Warren Buffett, the chairman of Berkshire Hathaway. Picture: REUTERS
Warren Buffett, the chairman of Berkshire Hathaway. Picture: REUTERS

In recent weeks, some of SA’s brightest minds have been doing their best to put their finger on why so many of SA’s headline-grabbing foreign deals have ended up as a bust. It’s a long list that includes the likes of Brait, Famous Brands, Truworths, Mediclinic and Netcare. A number of theories have been offered — including, most obviously, corporate vanity.

Last week, Berkshire Hathaway founder Warren Buffett took a stab at this question in his annual report — something of a must-read for aspiring investors and executives.

"Why the purchasing frenzy?" he asks. "In part, it’s because the CEO job self-selects for ‘can-do’ types. If Wall Street analysts or board members urge that brand of CEO to consider possible acquisitions, it’s a bit like telling your ripening teenager to have a normal sex life."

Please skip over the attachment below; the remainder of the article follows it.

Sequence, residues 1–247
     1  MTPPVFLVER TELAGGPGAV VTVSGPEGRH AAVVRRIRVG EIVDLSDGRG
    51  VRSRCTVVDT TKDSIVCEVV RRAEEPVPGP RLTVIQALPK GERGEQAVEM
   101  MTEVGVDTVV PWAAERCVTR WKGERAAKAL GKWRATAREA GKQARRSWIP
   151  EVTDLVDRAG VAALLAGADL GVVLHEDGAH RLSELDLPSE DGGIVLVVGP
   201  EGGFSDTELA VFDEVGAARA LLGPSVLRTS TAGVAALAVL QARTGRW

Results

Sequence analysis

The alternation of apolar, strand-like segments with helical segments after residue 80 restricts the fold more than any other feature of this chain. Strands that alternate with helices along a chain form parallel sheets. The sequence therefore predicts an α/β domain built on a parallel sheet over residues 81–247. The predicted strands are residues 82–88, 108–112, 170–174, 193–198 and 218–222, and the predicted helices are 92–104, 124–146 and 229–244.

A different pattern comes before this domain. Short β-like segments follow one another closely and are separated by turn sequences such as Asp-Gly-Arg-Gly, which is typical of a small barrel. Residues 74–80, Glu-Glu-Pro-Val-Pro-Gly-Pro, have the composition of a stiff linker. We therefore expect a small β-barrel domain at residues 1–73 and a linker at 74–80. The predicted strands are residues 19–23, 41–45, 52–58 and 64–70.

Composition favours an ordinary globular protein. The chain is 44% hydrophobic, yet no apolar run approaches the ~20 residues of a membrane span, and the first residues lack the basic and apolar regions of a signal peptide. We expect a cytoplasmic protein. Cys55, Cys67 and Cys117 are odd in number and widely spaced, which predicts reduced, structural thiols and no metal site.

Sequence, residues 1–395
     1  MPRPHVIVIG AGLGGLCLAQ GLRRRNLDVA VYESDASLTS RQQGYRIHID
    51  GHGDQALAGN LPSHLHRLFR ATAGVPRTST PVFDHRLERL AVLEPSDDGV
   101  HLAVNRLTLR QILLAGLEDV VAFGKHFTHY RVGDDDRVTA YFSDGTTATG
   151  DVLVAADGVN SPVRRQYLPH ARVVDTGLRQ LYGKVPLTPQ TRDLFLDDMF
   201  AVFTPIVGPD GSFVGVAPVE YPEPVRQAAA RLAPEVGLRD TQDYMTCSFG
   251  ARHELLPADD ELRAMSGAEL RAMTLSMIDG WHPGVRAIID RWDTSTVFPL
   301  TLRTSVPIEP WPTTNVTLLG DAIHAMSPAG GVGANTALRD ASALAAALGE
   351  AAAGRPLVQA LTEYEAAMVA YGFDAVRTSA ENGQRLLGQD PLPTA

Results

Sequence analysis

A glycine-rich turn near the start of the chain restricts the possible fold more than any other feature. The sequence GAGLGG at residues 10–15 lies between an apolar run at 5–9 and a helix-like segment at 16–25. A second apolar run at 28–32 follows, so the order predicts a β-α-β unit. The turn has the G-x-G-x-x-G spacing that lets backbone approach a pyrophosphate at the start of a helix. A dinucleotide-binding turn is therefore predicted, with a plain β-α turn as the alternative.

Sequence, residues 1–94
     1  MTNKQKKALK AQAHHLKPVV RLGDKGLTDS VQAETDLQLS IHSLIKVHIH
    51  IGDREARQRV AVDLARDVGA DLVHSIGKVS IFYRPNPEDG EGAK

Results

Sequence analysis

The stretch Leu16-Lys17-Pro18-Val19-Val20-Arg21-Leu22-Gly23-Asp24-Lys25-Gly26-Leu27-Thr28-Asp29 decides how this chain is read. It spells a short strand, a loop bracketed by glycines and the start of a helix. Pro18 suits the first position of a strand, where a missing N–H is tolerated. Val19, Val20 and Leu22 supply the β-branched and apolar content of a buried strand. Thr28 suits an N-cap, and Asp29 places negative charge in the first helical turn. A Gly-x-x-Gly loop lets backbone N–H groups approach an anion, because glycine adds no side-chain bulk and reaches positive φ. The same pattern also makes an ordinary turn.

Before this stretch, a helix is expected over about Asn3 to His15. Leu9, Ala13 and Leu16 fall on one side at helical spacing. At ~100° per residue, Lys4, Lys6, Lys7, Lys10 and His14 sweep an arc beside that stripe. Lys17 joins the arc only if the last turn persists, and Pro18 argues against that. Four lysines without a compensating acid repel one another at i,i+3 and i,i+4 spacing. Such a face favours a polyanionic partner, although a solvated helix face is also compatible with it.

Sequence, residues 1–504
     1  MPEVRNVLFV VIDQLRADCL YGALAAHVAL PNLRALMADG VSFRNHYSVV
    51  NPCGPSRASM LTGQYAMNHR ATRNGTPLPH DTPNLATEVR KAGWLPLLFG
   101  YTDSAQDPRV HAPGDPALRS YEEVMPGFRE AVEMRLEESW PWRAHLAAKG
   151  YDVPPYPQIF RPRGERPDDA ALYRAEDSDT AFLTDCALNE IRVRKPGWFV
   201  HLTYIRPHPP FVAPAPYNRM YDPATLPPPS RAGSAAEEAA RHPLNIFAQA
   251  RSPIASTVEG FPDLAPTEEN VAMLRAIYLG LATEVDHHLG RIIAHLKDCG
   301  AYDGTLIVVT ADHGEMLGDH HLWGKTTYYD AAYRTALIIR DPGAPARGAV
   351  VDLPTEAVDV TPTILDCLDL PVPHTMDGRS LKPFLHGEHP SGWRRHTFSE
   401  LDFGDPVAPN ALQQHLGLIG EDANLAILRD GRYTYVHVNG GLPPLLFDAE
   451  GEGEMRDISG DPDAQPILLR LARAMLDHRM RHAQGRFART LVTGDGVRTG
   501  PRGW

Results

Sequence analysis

Once a CEO has a hankering for a deal, he’ll be cheered on by "investment bankers smelling big fees" and staff envisioning enlarged domains and higher salaries. In this environment, Buffett concludes: "The CEO will never lack for forecasts that justify the purchase."

Which, again, attests to the need for wiser, more sceptical boards able to keep a leash on a CEO who believes the shareholders’ money he is entrusted with is his own. Those boards, in SA as all over the world, are few and far between.

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